It also meant we could use our own shower as at that time, the campsite at Lesholoago didn’t have water. Over all, it was a great decision to go to Mabuasehube with a competent off-road caravan. But, as you can guess, it wasn’t all moonshine and roses.



Advantages of Towing an Off-Road Caravan to Mabuasehube 



Please bear in mind these my own experiences of using a caravan. Other people may have different opinions and you’d do well to research them before making a decision.

1. As mentioned before, we had a solid structure to protect us from the elements and predators. During winter, the nights at Mabuasehube is bitterly cold and the temperature often drops to well below zero. Having the protection of the caravan, the cold was barely noticeable inside.

2. We had ample space to carry supplies such as water, fuel and wood inside the caravan.

3. All our amenities were in one place. The caravan comes equipped with a fridge/freezer, washing basin, two plate gas stove, cutlery and crockery, king sized bed and bathroom cubicle.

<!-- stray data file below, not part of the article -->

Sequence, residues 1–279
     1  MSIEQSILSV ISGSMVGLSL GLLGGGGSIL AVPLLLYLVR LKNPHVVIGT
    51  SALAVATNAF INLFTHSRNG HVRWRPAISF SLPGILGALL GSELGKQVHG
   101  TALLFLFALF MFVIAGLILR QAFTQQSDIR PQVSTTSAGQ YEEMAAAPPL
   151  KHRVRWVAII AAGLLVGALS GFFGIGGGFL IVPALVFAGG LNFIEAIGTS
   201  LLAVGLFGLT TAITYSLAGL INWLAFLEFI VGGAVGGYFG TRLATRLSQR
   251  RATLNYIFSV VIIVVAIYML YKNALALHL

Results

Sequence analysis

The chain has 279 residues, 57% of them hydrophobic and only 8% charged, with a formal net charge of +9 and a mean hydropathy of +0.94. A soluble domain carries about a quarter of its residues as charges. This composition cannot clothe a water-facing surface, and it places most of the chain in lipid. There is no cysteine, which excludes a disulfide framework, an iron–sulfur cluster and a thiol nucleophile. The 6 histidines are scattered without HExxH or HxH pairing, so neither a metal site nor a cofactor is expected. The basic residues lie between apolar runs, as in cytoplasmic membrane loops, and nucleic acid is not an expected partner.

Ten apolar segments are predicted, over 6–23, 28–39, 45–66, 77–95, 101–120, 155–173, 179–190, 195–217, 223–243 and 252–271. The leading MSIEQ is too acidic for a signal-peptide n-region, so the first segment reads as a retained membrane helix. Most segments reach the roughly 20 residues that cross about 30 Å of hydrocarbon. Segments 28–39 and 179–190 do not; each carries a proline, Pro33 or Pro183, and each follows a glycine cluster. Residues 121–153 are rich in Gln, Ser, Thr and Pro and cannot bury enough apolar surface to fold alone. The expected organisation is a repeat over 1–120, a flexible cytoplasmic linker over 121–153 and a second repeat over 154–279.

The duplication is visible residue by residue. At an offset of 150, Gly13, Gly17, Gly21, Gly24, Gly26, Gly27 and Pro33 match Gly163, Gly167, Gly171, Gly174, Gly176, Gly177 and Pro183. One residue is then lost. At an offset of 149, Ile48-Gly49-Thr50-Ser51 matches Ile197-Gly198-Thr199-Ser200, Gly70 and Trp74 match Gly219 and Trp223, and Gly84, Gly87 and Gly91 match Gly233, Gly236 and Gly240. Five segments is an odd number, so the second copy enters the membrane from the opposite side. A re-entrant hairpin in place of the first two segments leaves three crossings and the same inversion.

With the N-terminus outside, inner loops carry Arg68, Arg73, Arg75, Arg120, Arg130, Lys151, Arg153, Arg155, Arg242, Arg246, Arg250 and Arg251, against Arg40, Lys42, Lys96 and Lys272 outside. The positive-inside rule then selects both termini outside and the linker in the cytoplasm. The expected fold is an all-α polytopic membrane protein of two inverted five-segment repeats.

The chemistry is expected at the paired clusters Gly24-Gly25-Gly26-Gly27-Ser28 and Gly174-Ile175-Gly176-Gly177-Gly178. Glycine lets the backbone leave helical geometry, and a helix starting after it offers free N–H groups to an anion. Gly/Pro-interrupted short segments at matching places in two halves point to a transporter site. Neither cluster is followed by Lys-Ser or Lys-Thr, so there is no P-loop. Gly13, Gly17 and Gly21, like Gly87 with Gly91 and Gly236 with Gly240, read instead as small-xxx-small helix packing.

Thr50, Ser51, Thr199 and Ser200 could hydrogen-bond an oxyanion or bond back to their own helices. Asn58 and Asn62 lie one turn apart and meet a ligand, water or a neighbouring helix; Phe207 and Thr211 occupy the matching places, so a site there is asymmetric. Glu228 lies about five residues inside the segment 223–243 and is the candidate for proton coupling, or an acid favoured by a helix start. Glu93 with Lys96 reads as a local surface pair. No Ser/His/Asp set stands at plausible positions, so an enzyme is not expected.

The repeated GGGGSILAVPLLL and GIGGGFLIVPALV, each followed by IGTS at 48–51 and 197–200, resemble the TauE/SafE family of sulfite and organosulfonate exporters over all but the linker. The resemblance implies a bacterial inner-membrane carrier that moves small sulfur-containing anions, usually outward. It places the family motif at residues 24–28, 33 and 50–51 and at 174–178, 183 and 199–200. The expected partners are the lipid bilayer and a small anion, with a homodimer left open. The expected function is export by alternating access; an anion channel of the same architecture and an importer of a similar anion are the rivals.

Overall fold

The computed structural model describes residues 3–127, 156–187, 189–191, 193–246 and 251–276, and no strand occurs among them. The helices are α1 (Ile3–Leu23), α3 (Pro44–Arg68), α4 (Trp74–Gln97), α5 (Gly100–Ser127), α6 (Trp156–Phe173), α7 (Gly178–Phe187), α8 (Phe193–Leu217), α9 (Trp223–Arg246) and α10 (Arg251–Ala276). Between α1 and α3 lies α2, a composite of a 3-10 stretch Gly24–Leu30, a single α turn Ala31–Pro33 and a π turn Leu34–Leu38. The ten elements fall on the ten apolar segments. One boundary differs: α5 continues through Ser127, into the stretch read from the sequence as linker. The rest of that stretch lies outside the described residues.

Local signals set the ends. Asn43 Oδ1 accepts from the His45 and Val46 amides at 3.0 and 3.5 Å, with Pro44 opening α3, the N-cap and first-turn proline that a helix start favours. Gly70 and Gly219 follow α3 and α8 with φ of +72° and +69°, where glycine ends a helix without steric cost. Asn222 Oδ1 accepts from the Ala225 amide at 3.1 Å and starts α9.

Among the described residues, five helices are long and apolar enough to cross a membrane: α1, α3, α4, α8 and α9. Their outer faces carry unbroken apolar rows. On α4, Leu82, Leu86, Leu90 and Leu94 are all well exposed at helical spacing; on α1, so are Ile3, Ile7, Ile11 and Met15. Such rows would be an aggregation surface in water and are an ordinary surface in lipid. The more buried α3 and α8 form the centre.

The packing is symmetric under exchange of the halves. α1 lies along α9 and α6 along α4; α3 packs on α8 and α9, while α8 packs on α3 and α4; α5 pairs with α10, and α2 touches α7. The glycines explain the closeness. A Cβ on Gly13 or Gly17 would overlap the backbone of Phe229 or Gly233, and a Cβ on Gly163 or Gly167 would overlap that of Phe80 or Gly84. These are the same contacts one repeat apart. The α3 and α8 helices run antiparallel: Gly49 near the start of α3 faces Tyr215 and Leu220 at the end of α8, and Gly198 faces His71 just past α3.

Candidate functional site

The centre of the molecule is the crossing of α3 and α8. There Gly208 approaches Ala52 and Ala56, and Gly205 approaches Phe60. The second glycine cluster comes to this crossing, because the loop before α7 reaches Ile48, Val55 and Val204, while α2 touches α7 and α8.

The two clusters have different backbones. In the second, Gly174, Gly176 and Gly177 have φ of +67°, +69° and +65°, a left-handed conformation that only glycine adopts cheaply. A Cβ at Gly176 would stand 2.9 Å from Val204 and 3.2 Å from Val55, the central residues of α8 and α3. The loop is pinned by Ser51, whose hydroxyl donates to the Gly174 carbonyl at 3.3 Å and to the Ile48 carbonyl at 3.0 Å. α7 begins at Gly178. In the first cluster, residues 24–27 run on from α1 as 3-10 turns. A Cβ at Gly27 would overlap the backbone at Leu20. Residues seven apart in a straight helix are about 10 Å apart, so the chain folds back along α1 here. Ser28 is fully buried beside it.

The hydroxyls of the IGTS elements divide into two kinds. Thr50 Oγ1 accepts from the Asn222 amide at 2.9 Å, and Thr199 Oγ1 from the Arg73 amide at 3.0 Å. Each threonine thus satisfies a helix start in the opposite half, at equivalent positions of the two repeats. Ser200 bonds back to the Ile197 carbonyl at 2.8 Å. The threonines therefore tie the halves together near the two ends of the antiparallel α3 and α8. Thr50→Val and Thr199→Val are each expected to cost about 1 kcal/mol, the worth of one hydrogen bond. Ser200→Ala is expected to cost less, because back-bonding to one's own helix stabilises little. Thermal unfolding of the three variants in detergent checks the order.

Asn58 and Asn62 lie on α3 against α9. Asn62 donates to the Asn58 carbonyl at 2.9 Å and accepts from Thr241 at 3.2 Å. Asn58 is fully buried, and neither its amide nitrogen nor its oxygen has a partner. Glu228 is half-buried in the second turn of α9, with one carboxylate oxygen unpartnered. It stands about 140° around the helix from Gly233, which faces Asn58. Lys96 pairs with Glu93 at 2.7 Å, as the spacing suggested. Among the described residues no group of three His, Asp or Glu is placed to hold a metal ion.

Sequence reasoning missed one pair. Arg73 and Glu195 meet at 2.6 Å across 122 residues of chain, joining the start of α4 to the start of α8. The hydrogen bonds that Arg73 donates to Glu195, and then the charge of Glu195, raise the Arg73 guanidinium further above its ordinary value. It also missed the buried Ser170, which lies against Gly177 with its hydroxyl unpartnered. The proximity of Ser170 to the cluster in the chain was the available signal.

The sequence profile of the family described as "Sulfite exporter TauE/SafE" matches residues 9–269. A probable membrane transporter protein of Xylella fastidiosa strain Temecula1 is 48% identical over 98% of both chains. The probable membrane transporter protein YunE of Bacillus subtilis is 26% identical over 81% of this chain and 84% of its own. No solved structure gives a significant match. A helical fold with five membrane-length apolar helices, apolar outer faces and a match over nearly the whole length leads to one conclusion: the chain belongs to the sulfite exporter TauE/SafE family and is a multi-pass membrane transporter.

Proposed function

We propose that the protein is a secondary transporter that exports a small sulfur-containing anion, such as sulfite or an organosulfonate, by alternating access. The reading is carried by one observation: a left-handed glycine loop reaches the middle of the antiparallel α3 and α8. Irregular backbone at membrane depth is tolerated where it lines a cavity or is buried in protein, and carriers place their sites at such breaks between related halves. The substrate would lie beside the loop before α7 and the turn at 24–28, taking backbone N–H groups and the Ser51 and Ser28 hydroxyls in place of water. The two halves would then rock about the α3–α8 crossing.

4. The awning provided shade during the day and protection during the evenings against the dew. It also provided cover for the stove and washing basin.



5. It doesn’t take a long time to stabilize and you can set up camp fairly quickly.



6. The pull-out kitchen made having a cup of coffee or a quick meal along the road, easy as you didn’t have to unpack everything in order to get to the kitchen.


Overall, I loved the idea of the caravan and the convenience it offered.



Disadvantages of Towing an Off-Road Caravan to Mabuasehube



You guessed it, there is a “But” in there somewhere. Towing an off-road caravan that by its nature is a large, heavy structure, does have a number of disadvantages. I suspect many of my complaints about the caravan are of my own doing, but it just didn’t justify the hassles I experienced. Here is why I say that:-